224. Declining inequality among rich countries Inequality has risen within rich countries, but fallen among themSource: David Dollar, “Globalization: Who wins, who loses and what the world can do about it”, July 17, 2001, World Bank
234. Plus oscillations in the developing world Inequality has risen slightly within developing countries since 1985 and first fallen then risen among themSource: David Dollar, “Globalization: Who wins, who loses and what the world can do about it”, July 17, 2001, World Bank
244. Create modest declines for the world If one adds the two together, one finds that worldwide household inequality has been falling, not rising in the last two decades. Falling inequality between countries (largely because of growth by China and India) has offset modest increases in inequality inside them.Source: David Dollar, “Globalization: Who wins, who loses and what the world can do about it”, July 17, 2001, World Bank
254. And proportion of the absolute poor has fallen Since 1987, the number of people on one dollar a day has oscillated, but the proportion in the world’s population has fallen
264. The regional incidence of poverty, 1987-1998 The decline in poverty has been fastest where growth was fastest - in east Asia
275. Globalisation, the winners and losers Globalisation affects these trends largely through its impact on country growth:The world’s markets for goods and services are now more integrated than ever before. The same is not so true for capital and, above all, labourCountries have varied dramatically in their ability to take advantage of these opportunitiesDeveloping countries with combined populations of 2.4bn have done well. This group includes China and India.Globalisers have liberalised more and their trade has also grown more than non-globalisers
285. Globalisation - winners and losers Fast growth in globalising developing countries has benefited the poor in those countries and also reduced global inequalityTrade has, as always, been the handmaiden of growth. But rapid growth requires much more than economic integration.
295. The world is now more integrated than ever Measured by trade and foreign assets, the world economy is now more integrated than ever. Falling costs of transport and communications and liberalisation have been the driving force. Movement of people is far less than in the late 19th century.Source: David Dollar, “Globalization: Who wins, who loses and what the world can do about it”, July 17, 2001, World Bank
315. The winners and losers in trade policy The winners have liberalised trade by more than the losers.Source: David Dollar, “Globalization: Who wins, who loses and what the world can do about it”, July 17, 2001, World Bank
325. The winners and losers in trade The winners have also increased their trade in relation to GDP, while the losers have seen their trade shrink.Source: David Dollar, “Globalization: Who wins, who loses and what the world can do about it”, July 17, 2001, World Bank
335. The winners and losers in trade again The difference in trade performance is stark at the aggregate level.Source: David Dollar, “Globalization: Who wins, who loses and what the world can do about it”, July 17, 2001, World Bank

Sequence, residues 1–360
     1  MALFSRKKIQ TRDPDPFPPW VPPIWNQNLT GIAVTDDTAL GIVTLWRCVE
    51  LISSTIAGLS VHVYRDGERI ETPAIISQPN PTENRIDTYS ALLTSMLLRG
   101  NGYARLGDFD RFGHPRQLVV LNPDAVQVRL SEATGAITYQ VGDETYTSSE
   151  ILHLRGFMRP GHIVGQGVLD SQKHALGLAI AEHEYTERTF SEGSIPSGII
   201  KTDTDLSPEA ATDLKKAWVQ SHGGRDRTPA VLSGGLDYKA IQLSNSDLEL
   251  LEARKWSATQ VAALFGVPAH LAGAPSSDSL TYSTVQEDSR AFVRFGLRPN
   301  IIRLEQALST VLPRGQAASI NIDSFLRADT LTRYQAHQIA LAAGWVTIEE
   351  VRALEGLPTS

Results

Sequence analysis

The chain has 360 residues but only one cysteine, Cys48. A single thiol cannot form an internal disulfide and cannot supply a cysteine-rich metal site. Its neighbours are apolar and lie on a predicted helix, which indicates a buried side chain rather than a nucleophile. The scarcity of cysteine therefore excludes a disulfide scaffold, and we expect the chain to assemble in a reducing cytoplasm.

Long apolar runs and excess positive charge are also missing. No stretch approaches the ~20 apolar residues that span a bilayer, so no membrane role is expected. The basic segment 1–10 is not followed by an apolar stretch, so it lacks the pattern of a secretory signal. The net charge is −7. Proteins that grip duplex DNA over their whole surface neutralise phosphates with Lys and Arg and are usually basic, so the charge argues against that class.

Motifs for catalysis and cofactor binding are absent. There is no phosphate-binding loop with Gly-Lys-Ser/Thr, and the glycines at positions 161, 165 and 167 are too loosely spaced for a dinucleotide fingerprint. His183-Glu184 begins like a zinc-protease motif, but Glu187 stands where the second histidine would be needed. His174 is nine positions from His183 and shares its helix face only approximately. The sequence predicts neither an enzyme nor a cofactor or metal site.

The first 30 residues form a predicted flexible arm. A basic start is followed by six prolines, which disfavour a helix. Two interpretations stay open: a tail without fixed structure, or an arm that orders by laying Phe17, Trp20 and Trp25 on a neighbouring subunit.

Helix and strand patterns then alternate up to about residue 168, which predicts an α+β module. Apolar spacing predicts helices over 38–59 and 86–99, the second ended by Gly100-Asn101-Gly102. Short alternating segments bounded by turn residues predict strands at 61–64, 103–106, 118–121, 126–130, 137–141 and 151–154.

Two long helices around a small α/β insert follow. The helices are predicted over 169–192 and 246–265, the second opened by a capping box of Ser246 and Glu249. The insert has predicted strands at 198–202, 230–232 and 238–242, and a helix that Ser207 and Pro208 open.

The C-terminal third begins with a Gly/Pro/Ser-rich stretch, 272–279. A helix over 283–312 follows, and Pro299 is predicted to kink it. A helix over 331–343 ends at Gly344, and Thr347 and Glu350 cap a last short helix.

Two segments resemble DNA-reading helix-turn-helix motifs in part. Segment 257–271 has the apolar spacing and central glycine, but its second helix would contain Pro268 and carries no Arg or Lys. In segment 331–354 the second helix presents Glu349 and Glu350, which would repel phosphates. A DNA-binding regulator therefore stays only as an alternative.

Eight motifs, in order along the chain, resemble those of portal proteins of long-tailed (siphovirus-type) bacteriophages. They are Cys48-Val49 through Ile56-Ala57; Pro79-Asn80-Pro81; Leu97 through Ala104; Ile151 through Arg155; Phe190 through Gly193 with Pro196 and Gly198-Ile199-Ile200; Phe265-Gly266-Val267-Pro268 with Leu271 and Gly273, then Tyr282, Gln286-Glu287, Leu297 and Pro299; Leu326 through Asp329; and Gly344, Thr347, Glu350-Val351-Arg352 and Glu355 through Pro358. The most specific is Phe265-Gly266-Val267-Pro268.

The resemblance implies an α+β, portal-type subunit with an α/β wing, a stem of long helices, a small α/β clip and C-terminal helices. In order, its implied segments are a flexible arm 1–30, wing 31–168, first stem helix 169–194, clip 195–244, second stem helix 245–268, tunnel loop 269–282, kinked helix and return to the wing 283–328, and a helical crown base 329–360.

345. Trade does not harm the poor And rises in trade ratios have not increased inequality. So if trade raises growth, it also normally helps the poor.Source: David Dollar, “Globalization: Who wins, who loses and what the world can do about it”, July 17, 2001, World Bank
355. Winners in trade are also winners in growth These globalisers have indeed grown faster and faster.Source: David Dollar, “Globalization: Who wins, who loses and what the world can do about it”, July 17, 2001, World Bank
365. But losers in trade are losers in growth The non-globalisers have performed poorlySource: David Dollar, “Globalization: Who wins, who loses and what the world can do about it”, July 17, 2001, World Bank
375. And fast growth benefits the poor The poor tend to share in economic growth, which is why the poorest people live in the poorest countriesSource: David Dollar, “Globalization: Who wins, who loses and what the world can do about it”, July 17, 2001, World Bank
385. This is true everywhere Where growth has been very fast, so has been the pace of poverty reductionSource: David Dollar, “Globalization: Who wins, who loses and what the world can do about it”, July 17, 2001, World Bank
395. Better off people keep children from work And richer people keep children from work.Source: David Dollar, “Globalization: Who wins, who loses and what the world can do about it”, July 17, 2001, World Bank
405. Trade as the handmaiden of growth “As far as we can tell, there are no anti-global victories to report for the postwar Third World. We infer that this is because freer trade stimulates growth in Third World economies today.” Peter Lindert and John WilliamsonThis conclusion is consistent with the weight of evidence. But multi-collinearity between trade and other policies makes it difficult to demonstrate the causal connectionContrast North and South Korea or West and East Germany
416. ConclusionGlobalisation is not guilty of causing growing poverty and inequality worldwideOverall, there has been declining inequality and poverty in the age of globalisation. This breaks a trend that goes back almost two centuriesBut far too many countries have become less globalised and grown poorly.This is the only sense in which globalisation causes inequality: some seize opportunities and others do notThe challenge is to help the failures do better